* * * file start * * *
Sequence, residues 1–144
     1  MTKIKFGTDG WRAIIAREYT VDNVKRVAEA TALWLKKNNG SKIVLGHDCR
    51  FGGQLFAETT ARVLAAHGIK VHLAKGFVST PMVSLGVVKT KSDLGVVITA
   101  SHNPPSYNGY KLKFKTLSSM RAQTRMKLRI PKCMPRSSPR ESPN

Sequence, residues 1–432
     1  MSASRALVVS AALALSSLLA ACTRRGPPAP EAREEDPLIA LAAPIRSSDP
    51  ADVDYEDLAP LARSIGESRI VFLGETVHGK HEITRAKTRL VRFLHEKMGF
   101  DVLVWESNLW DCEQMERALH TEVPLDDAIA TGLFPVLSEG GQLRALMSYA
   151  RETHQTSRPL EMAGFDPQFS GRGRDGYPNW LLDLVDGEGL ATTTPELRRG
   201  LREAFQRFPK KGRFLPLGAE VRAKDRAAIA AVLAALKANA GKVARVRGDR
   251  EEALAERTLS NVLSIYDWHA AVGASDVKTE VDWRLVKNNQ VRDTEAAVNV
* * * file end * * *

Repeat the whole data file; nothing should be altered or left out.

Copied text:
Sequence, residues 1–144
     1  MTKIKFGTDG WRAIIAREYT VDNVKRVAEA TALWLKKNNG SKIVLGHDCR
    51  FGGQLFAETT ARVLAAHGIK VHLAKGFVST PMVSLGVVKT KSDLGVVITA
   101  SHNPPSYNGY KLKFKTLSSM RAQTRMKLRI PKCMPRSSPR ESPN

Sequence, residues 1–432
     1  MSASRALVVS AALALSSLLA ACTRRGPPAP EAREEDPLIA LAAPIRSSDP
    51  ADVDYEDLAP LARSIGESRI VFLGETVHGK HEITRAKTRL VRFLHEKMGF
   101  DVLVWESNLW DCEQMERALH TEVPLDDAIA TGLFPVLSEG GQLRALMSYA
   151  RETHQTSRPL EMAGFDPQFS GRGRDGYPNW LLDLVDGEGL ATTTPELRRG
   201  LREAFQRFPK KGRFLPLGAE VRAKDRAAIA AVLAALKANA GKVARVRGDR
   251  EEALAERTLS NVLSIYDWHA AVGASDVKTE VDWRLVKNNQ VRDTEAAVNV